Daily Management Review

Assets From Distressed Chinese Developers Being Gobbled Up By Hong Kong Firms


Assets From Distressed Chinese Developers Being Gobbled Up By Hong Kong Firms
After years of development in Hong Kong, cash-strapped Chinese developers are scaling back their presence in one of the world's most expensive real estate markets, allowing financial institutions in the city to snap up some of their holdings at bargain rates.
China Evergrande Group and Kaisa Group Holdings Ltd, both in billions of dollars of debt, have sold some assets to Hong Kong developers in recent months to assist relieve liquidity difficulties at home.
There's more to come: Aoyuan Group, which last week extended the redemption deadline of onshore asset-backed securities, is attempting to raise funds by selling more Hong Kong properties, according to two persons familiar with the situation.
Aoyuan is proposing to sell a refurbished office building in Kwai Chung, in eastern Hong Kong, to local investors or family offices, according to sources who declined to be identified since the information is classified.
According to the sources, the transaction will be sold for less than what Aoyuan paid for it. The building was purchased by Aoyuan in 2018 for HK$950 million ($121.83 million), and property brokers believe that its current value is less than HK$800 million.
This comes after Aoyuan sold certain properties in a residential development in the Mid-Levels to a Hong Kong investor for a loss of HK$177 million in mid-November.
There were no comments on the issue available from Aoyuan.
The trend will aid Hong Kong real estate tycoons in consolidating their power over the Chinese-controlled region.
With the aim for investment possibilities outside of the mainland, the once deep pocketed Chinese developers had flocked to Hong Kong, outbidding their cross-border rivals for premium real estate.
But, as Beijing moves to cut debt in the sector, those developers are now experiencing an unprecedented financial pressure, prompting some to miss bond and wealth management product payments.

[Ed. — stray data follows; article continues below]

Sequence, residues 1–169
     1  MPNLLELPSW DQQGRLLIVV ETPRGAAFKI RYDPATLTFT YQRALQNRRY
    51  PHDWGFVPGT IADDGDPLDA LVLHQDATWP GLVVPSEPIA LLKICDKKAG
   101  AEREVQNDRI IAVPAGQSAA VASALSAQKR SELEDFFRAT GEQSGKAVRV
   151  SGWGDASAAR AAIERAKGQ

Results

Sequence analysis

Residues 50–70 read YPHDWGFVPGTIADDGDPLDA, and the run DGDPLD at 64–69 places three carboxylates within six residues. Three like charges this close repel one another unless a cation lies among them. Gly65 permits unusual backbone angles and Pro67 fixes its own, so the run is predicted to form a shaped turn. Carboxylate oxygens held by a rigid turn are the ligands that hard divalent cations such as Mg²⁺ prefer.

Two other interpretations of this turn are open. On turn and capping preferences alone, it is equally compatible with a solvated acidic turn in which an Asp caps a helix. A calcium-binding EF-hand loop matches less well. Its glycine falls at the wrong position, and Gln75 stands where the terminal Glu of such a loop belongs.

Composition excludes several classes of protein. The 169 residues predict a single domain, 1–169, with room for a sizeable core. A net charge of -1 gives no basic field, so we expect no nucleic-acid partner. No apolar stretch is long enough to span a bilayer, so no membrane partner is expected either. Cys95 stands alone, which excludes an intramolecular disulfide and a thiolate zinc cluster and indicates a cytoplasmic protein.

To satisfy short-term financial requirements, several builders have had to liquidate their assets.
"It's a reversal of the trend," said Reeves Yan, CBRE head of capital markets in Hong Kong. "Chinese developers with liquidity crunch are now selling, and it is expected that there will be more selling in the next few months (in Hong Kong)."
Kaisa, which skipped $88.4 million in coupon payments earlier this month, sold a residential land tract in Kai Tak, where Hong Kong's old airport formerly stood, to local counterparts Far East Consortium and New World Development for HK$7.9 billion on Wednesday, according to a stock market filing.
According to Reuters, it just sold another property in Tuen Mun, northern Hong Kong, to local businessman Francis Choi for HK$3.78 billion. After repaying the debts it took out to buy the land, Kaisa was able to collect roughly HK$1.3 billion through the sale.
Kaisa did not respond to a request for comment.
According to a Reuters report quoting sources, Evergrande, which is saddled with more than $300 billion in debt, had transferred unsold apartments worth HK$2 billion in a residential complex to its joint-venture partner VMS Group, a Hong Kong financial firm.
No comments from Evergrande were available on the issue.
Only one Chinese property business has been involved in a land acquisition for HK$7.3 billion this year, when only government land purchases are included, not private land sales between developers.
According to statistics provided by CBRE, this compares to a total of HK$39 billion spent last year and a record of HK$58 billion spent in 2017.
"The state-owned developers are still cash-rich, but the property market will be led more by Hong Kong investors going forward," said Tom Ko, Cushman & Wakefield's Hong Kong capital markets executive director.